Finally, the interior of KB is non-empty since B is nondegenerate. Taking a non-zero vector v such that Bv > 0, one concludes that there exists a vector v > 0 such that Bv > 0. This shows that Case 1 corresponds to the first case in the theorem. We shall verify below that Bij is indeed positive definite.

Case 2: KB ∩ Q ⁄= {0 }, KB ⁄⊂ Q

KB reduces in that case to a straight line. Indeed, let v ⁄= 0 be an element of KB ∩ Q and let w ⁄= 0 be in KB but not in Q. Let ℓ be the straight line joining w and v. Consider the line segment from w to v. This line segment is contained in KB and crosses the boundary ∂Q of Q at some point r. But by Lemma 1, this point r must be the origin. Thus, w = μv, for some real number μ < 0. This implies that the entire line ℓ is in K B since v ∈ K ⇒ λv ∈ K B B for all λ > 0, and also for all λ < 0 since w ∈ KB.

Let q be any other point in KB. If q ∕∈ Q, the segment joining q to v intersects ∂Q and this can only be at the origin by Lemma 1. Hence q ∈ ℓ. If q ∈ Q, the segment joining q to w intersects ∂Q and this can only be at the origin by Lemma 1. Hence, we find again that q ∈ ℓ. This shows that K B reduces to the straight line ℓ.

Since v ∈ KB ⇒ − v ∈ KB, one has Bv = 0 ∀v ∈ KB. Hence, Bv ≥ 0 ⇒ Bv = 0, which excludes the existence of a vector v > 0 such that Bv < 0 (one would have B (− v) > 0 and hence Bv = 0). Furthermore, there exists v > 0 such that Bv = 0. This shows that Case 2 corresponds to the second case in the theorem. We shall verify below that Bij is indeed positive semi-definite. Note that det B = 0 and that the corank of B is one.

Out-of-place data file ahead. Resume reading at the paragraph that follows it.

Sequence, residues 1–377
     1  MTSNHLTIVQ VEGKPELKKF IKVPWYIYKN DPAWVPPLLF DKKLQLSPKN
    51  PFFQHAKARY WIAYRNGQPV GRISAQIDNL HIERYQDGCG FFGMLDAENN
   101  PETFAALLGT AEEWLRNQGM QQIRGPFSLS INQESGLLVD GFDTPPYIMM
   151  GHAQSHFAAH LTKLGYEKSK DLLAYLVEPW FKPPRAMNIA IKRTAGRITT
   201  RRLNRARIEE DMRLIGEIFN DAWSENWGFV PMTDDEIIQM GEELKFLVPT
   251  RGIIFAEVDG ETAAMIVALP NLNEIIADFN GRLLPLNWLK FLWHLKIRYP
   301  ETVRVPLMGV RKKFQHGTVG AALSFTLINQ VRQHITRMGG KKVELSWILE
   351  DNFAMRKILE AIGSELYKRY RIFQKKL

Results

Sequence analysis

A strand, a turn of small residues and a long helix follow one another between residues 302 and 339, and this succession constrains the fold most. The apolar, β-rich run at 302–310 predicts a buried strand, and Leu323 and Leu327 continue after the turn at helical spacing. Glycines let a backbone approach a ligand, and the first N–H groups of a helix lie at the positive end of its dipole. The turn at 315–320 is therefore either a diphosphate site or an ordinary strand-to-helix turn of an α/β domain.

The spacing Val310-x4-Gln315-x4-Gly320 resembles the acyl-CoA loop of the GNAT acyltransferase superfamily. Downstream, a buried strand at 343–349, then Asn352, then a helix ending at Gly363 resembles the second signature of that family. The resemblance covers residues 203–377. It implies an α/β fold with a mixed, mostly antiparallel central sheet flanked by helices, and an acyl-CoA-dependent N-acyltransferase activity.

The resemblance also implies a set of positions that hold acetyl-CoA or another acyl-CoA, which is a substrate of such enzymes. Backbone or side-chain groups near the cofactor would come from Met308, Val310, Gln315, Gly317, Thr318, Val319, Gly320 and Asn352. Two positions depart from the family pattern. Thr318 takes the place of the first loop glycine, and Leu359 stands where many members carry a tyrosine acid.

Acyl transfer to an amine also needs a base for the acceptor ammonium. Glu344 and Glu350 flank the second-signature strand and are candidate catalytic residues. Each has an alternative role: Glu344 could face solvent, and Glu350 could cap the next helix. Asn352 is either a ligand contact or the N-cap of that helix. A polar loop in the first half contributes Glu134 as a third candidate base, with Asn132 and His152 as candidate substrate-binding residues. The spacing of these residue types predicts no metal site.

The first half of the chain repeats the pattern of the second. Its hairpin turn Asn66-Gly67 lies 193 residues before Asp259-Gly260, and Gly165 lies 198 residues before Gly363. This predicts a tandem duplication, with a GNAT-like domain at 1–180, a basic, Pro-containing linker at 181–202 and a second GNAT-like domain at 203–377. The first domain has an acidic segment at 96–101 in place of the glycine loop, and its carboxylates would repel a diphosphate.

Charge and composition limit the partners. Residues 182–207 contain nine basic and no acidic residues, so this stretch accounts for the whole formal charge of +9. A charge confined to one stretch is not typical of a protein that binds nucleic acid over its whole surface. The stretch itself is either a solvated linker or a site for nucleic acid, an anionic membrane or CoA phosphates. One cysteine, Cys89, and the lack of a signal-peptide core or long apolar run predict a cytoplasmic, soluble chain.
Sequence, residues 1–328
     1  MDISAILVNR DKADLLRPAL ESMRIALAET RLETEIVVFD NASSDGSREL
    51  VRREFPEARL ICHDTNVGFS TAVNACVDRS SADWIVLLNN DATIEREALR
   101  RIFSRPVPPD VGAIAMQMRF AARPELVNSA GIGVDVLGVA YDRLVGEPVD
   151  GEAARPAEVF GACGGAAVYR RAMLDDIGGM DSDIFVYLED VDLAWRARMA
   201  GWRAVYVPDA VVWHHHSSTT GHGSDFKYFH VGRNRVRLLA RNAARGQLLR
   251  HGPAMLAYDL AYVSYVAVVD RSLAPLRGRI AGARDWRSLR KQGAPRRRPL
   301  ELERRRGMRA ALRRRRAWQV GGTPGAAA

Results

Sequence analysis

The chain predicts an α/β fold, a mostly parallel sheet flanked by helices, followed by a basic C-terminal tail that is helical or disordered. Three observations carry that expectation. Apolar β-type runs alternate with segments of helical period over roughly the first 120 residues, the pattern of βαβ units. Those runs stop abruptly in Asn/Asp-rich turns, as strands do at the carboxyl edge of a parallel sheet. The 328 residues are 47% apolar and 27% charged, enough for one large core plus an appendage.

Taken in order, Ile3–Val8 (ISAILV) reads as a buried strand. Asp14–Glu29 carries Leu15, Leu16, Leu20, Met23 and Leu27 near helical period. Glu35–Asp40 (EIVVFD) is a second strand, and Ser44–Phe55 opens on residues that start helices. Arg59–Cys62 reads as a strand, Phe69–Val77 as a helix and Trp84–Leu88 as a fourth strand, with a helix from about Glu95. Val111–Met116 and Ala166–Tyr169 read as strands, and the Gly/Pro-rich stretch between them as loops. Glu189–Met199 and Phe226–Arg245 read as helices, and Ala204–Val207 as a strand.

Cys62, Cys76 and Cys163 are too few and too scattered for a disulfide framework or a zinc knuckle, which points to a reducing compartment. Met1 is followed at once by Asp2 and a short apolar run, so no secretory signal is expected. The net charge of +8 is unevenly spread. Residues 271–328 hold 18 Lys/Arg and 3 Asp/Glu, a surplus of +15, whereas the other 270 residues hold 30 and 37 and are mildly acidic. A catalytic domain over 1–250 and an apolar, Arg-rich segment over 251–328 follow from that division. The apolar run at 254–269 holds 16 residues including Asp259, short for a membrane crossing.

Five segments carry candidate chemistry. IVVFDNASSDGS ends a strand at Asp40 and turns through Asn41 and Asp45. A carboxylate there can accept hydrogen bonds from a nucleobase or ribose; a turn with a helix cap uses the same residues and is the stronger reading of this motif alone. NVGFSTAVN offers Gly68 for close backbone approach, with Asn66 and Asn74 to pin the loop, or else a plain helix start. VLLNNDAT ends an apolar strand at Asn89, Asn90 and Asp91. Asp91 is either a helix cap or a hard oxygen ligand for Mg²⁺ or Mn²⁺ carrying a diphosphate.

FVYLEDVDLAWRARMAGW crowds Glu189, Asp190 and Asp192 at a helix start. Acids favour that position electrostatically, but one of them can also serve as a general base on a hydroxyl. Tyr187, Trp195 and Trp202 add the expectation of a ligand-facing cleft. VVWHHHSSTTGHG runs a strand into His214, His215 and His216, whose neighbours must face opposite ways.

Case 3: KB ∩ Q = {0 }

In that case, there is a vector v > 0 such that Bv < 0, which corresponds to the third case in the theorem. Indeed, consider the system of homogeneous linear inequalities

∑ − Bujvj > 0, vj > 0. j

By Lemma 2, this system possesses a solution if and only if there is no non-trivial μ α ≡ (μi, ¯μi) ≥ 0 such that ∑ iμi(− Bij) + ¯μj = 0.

Consider thus the equations ∑ iμi(− Bij) + ¯μj = 0 for μ α ≥ 0, or, as Bij is symmetric, ∑ B μ = ¯μ j ij j i. Since ¯μ ≥ 0 i, these conditions are equivalent to ∑ B μ ≥ 0 j ij j (if ∑ B μ ≥ 0 j ij j, one defines ¯μi through ∑ j Bijμj = ¯μi), i.e., μ ∈ KB. But μi ≥ 0, i.e., μ ∈ Q, which implies μi = 0 and hence also μ¯i = 0. The μα all vanish and the general solution μ ≥ 0 to the equations ∑ iμi(− Bij) + ¯μj = 0 is accordingly trivial.

To conclude the proof of the main theorem, we prove the following proposition:

Proposition: The Coxeter group ℭ belongs to Case 1 if and only if B is positive definite; it belongs to Case 2 if and only if B is positive semi-definite with detB = 0.

Proof: If B is positive semi-definite, then it belongs to Case 1 or Case 2 since otherwise there would be a vector w > 0 such that Bw < 0 and thus Bijwiwj < 0, leading to a contradiction. In the finite case, B is positive definite and hence, detB ⁄= 0: This corresponds to Case 1. In the affine case, there are zero eigenvectors and det B = 0: This corresponds to Case 2.

Conversely, assume that the Coxeter group ℭ belongs to Case 1 or Case 2. Then there exists a vector w such that Bw ≥ 0. This yields (B − λI)w > 0 for λ < 0 and therefore B − λI belongs to Case 1 ∀λ < 0. In particular, det(B − λI ) ⁄= 0 ∀λ < 0, which shows that the eigenvalues of B are all non-negative: B is positive semi-definite. We have seen furthermore that it has the eigenvalue zero only in Case 2.

This completes the proof of the main theorem.